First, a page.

When Being Funny Sucks

I know, you’re probably expecting a Wicked Tuna recap, or Jeremy McKeen’s impending Supermoon article. We’ll get back to our regularly scheduled proclamming tomorrow. 

But we’re still reeling about Robin Williams. I bet you are, too. Right? How could it be that this bright, funny, famous, rich man who had given so much and was so loved still decided to take his own life?

Depression is a bitch, that’s why.

Yesterday, my fabulous blog partner and friend Jim Dowd wrote this wonderful long piece about what it’s like to have a brain that doesn’t stop, much like Robin Williams. He gets it. He’s been there.

I have been there, and I get it as well, but I come from a different angle – lifelong depression. Sometimes deep, sometimes not bothersome at all, but always a weird part of me I hate admitting is there, like a birth mark or third nipple.

I started being funny in middle school to get boys to like me. I was dorky, awkward, kind of grungy, and really liked the Foo Fighters and Weezer when most kids liked Destiny’s Child. In my defense, Dave Grohl was younger then, and didn’t tell people to get off his lawn.

"Oh, looks like my AARP signup form came in the mail! Better get my readin' glasses on."

“Oh, looks like my AARP signup form came in the mail! Better get my readin’ glasses on.”

I was not a popular kid, and no boys swooned over my existence. I cracked jokes, I learned the math of what “funny” is – a+b=punchline. Boys would befriend me because I was funny. I once threw an orange at a lunchroom clock because I thought it would be hilarious. It kinda was. It made people crack up, it was a rush, people thought I was funny. I thrived on that attention.

KT, middle, age 15. Because apparently black baggy clothes in mid-summer was necessary for some reason.

KT (center) age 15. Because apparently black baggy clothes in mid-summer was necessary for some reason.

Being funny seemed like the only way I could keep people around me. My self-esteem sucked, and high school didn’t make it any better. This was the advent of the internet, before parents even knew online bullying could possibly be a thing. Kids from my school were mean to me online and in person. I clung to humor because without it, I would have been lost in a sea of depression and hormones.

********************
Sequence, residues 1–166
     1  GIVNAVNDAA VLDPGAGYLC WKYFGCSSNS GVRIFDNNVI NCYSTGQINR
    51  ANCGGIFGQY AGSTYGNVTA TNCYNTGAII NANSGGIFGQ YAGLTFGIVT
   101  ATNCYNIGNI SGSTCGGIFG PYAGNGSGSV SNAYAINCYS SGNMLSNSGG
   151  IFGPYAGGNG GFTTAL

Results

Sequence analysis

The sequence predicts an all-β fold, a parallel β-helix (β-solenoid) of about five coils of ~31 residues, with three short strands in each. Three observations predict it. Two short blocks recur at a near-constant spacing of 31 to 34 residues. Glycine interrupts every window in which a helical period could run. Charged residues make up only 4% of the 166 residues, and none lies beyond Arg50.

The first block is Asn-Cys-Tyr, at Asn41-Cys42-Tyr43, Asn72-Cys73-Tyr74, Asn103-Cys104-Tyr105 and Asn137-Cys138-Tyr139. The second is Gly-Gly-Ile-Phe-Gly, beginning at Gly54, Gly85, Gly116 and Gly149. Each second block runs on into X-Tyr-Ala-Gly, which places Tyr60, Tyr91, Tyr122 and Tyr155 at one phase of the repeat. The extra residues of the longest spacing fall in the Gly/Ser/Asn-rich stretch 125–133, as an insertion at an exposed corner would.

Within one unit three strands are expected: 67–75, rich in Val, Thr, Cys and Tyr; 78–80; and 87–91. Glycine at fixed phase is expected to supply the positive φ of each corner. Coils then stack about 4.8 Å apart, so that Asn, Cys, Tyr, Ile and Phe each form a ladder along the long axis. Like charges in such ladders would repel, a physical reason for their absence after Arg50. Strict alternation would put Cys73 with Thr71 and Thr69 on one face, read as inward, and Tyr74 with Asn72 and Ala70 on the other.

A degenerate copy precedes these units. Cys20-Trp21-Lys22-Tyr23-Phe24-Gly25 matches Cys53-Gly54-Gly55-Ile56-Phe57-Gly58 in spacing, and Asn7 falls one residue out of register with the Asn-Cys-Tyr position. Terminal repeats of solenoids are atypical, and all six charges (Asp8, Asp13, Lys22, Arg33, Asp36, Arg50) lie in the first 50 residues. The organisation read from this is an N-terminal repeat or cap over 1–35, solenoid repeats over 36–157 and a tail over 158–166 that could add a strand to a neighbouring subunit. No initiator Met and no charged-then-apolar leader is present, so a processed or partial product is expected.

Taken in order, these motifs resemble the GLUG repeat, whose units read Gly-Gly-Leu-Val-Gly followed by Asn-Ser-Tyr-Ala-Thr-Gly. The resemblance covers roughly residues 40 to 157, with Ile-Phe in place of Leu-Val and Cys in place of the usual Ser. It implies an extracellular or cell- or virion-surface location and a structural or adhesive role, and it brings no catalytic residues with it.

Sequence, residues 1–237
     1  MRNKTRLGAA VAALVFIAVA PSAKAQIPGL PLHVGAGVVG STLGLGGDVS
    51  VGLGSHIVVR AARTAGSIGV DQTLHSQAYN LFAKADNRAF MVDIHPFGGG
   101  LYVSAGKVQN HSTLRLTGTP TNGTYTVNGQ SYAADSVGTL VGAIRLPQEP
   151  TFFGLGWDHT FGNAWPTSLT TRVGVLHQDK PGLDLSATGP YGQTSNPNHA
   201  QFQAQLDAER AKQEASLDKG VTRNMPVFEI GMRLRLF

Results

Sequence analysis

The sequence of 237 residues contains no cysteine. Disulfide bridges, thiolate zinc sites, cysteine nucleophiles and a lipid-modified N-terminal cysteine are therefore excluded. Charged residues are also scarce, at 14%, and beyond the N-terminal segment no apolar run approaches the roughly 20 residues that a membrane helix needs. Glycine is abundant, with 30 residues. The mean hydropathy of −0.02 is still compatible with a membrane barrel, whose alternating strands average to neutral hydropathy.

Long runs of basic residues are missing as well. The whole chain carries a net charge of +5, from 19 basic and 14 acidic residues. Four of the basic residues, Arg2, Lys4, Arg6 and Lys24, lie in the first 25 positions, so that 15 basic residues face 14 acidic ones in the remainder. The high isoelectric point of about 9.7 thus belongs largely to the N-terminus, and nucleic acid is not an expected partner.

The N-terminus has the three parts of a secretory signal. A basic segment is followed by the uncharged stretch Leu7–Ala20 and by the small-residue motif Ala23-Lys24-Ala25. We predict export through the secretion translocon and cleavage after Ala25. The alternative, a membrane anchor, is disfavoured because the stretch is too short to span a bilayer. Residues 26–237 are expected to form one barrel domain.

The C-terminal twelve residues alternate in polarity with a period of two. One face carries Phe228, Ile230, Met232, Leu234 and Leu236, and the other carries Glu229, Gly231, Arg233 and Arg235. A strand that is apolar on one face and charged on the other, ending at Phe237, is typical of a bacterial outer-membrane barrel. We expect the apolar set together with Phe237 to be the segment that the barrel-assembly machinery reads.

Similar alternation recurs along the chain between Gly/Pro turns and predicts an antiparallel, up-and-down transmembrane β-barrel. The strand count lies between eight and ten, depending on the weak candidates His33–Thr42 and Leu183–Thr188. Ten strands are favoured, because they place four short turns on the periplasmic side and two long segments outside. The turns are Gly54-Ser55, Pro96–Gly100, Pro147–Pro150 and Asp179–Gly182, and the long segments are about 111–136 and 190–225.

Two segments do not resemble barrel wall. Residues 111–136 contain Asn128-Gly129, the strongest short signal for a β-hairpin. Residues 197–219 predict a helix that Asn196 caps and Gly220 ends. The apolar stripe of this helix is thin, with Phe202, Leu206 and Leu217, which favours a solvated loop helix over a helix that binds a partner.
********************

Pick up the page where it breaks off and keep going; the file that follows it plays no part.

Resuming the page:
I tried half-heartedly to kill myself when I was sixteen. It was an impulsive, stupid decision. I ended up with a two-week stay in an adult inpatient ward where I had no contact at all with anyone from my school except for a few random friends visiting me. My best friend called me selfish for what I’d done and that I should try harder to be happier. I felt nothing but guilt for putting my poor, already-stressed parents through the hell I did. I had two weeks of eating shitty hospital food food, seeing people for whom mental illness fully controlled their lives, watching someone get off heroin cold turkey, and then a lot of conversations with real live adults who struggled but who gave me great coping advice. During the second week, a teenager set off the sprinkler system in the cafeteria to escape, ruining my textbooks and putting me further behind in schoolwork.

It was kinda like that, but with less Angelina Jolie and more old people peeing on the floor.

It was kinda like that, but with less Angelina Jolie and more old people peeing on the floor.

I got better eventually, but I was still impulsive. I once stole my mom’s car and drove forever. I got as far as mid-PA before running out of cash. I still couldn’t tell you why I did it, except a desperate, overwhelming need to get the fuck out of my town and my head. I was seventeen. I dropped out of high school. I finished eventually, but as an outcast, school was fucking abysmal. It took me six years to gain the courage to go to college.